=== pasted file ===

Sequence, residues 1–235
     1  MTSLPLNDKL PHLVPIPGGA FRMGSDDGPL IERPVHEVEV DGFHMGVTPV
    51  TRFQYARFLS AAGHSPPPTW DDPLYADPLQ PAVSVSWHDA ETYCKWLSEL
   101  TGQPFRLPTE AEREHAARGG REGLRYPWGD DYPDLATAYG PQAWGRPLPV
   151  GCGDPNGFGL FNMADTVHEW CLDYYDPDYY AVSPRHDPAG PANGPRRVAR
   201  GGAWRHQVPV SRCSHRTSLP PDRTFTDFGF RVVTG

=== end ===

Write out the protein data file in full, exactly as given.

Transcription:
Sequence, residues 1–235
     1  MTSLPLNDKL PHLVPIPGGA FRMGSDDGPL IERPVHEVEV DGFHMGVTPV
    51  TRFQYARFLS AAGHSPPPTW DDPLYADPLQ PAVSVSWHDA ETYCKWLSEL
   101  TGQPFRLPTE AEREHAARGG REGLRYPWGD DYPDLATAYG PQAWGRPLPV
   151  GCGDPNGFGL FNMADTVHEW CLDYYDPDYY AVSPRHDPAG PANGPRRVAR
   201  GGAWRHQVPV SRCSHRTSLP PDRTFTDFGF RVVTG